- Game Writers write character profiles, backstories, main stories, mission and item descriptions, dialog, instructions and all other text appearing in a game.
- Game Programmers, or Developers, use programming languages such as C++ to develop code for implementing the design and displaying graphics and audio for video games. They also develop related software, such as game development tools like level editors and game engines.
- Game Artists create the visual elements of a game, such as characters, scenery, objects, vehicles, surface textures, clothing, props, and even user interface components. They also create concept art and storyboards which help communicate the proposed visual elements during the pre-production phase.
- Sound Designers are responsible for a game’s music, sound effects, and dialog. They may use audio libraries for finding music and sound effects, or they may compose music or record sounds themselves.
- Testers, or Quality Assurance personnel, verify that all of the game’s planned features and assets have been implemented and work properly.
- Project Managers, or Producers, oversees the entire project and ensures that the team is delivery quality within the time and budget constraints. They run meetings, write reports, and manage budgets, work schedules and project timelines.
Any one of these people can come up with an idea for a game. But if that’s all you can do, then you need to develop additional skills if you want to work in the game industry. Game development teams are very collaborative, and if you can’t contribute to a game’s execution, you’re not yet ready to contribute to its conception.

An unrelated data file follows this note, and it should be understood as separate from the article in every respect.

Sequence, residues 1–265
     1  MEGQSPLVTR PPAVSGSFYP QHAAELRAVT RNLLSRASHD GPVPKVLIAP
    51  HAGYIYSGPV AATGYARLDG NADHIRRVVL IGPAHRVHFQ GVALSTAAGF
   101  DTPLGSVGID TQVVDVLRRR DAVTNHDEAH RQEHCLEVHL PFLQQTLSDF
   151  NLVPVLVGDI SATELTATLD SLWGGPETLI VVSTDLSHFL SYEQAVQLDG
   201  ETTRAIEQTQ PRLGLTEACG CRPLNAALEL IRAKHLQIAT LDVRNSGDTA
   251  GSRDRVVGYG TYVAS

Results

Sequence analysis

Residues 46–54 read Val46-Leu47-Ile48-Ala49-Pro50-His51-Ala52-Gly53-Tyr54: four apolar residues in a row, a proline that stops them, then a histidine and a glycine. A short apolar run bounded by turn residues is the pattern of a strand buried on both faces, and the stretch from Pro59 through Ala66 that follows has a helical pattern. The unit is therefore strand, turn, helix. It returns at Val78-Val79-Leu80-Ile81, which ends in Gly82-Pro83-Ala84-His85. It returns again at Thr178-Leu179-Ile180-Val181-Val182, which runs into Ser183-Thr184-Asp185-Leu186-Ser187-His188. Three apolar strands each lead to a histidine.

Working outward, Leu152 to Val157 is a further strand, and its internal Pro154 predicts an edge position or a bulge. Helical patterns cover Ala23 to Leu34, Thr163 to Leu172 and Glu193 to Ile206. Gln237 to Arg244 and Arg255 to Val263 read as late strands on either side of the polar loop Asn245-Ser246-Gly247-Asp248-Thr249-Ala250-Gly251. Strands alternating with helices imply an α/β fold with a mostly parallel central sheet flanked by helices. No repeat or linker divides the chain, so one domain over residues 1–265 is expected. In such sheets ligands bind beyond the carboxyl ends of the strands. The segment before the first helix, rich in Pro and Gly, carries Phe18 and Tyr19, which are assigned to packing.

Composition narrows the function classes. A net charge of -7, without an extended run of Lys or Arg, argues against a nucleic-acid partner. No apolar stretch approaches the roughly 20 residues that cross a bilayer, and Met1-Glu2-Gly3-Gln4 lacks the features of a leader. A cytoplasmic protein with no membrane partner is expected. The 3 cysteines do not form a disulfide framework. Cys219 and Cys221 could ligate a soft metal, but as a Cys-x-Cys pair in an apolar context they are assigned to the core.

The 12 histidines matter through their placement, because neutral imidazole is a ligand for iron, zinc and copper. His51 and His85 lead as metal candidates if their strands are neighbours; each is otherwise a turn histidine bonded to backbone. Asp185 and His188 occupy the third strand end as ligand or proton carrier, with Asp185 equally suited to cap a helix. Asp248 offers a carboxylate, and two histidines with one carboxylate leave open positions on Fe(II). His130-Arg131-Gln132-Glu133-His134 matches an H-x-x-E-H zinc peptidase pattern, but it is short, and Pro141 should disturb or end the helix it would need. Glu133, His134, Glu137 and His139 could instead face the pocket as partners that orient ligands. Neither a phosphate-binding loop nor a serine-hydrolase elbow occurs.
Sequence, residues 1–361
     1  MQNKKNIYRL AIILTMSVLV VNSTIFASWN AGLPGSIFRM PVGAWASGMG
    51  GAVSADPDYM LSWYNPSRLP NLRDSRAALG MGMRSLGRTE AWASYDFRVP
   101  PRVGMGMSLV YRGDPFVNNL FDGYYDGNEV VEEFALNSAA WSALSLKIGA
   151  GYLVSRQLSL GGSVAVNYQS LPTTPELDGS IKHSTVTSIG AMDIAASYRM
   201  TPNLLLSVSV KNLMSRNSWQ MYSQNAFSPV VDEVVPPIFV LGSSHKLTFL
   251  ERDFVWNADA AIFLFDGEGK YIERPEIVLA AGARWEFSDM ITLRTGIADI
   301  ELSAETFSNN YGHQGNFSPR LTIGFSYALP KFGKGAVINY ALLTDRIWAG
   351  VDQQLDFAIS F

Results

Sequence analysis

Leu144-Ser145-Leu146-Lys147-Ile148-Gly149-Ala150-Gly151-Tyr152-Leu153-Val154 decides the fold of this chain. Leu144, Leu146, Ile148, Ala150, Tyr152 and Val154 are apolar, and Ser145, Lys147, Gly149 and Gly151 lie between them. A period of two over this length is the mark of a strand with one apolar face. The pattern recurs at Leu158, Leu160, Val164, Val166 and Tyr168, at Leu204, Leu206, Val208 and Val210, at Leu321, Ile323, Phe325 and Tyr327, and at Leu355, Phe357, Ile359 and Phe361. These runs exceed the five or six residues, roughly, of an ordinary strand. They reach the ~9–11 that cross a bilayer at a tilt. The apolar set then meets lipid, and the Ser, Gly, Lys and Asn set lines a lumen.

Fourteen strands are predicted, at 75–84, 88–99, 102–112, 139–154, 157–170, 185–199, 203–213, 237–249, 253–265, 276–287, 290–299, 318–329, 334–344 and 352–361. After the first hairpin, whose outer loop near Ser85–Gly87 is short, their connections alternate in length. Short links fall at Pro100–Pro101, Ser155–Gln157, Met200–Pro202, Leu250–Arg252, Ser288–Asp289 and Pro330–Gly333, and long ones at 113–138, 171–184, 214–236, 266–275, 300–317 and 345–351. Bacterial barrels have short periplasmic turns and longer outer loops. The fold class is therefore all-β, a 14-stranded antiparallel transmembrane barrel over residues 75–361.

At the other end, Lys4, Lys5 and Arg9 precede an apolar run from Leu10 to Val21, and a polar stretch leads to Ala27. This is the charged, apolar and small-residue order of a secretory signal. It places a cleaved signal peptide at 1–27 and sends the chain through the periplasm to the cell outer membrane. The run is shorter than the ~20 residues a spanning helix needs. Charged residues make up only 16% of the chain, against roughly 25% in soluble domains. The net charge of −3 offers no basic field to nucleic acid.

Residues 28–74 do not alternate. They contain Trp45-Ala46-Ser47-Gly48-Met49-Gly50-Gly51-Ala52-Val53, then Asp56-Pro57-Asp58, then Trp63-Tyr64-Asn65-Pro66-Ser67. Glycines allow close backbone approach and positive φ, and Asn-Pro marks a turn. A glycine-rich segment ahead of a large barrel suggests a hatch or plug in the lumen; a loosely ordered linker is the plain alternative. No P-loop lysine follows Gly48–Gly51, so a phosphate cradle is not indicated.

Posted on November 23, 2015, in Career Advice, Game Design and tagged game design, Jet Morgan, LA Film School. Bookmark the permalink. 14 Comments.
You forgot to mention how 95% of them will make wages barely above poverty line.
That’s another topic for another blog.
I made that point in another blog post: https://davidmullich.wordpress.com/2016/02/01/get-into-game-development-for-love-not-money/
Reblogged this on Stephan Reilly's Blog.
If that’s the case, then I’m willing to become a designer and/or writer for games.
What if you’re not completely interested in becoming a part of the team directly, but you want to give your ideas to possibly help the people making the games? I’d love to put my ideas out there, even if I don’t get any credit for it or if it is used at all.
Most development teams aren’t in the need of ideas. Ideas are plentiful. And the problem with accepting ideas from someone else is that if the idea is used, that person might turn around and sue them for copyright infringement.
Some projects have Creative Directors who are essentially their “idea guys”… But they usually reach that position after proving their worth as Game Designers or Writers.
I’ve yet to meet someone who only dreams up ideas all day long. Most Creative Directors I know have management or production responsibilities.
I’ve yet to meet someone whose only responsibility was to come up with ideas. The Creative Directors I have known (including me, when I once had that title) were responsible for managing the creative development of projects.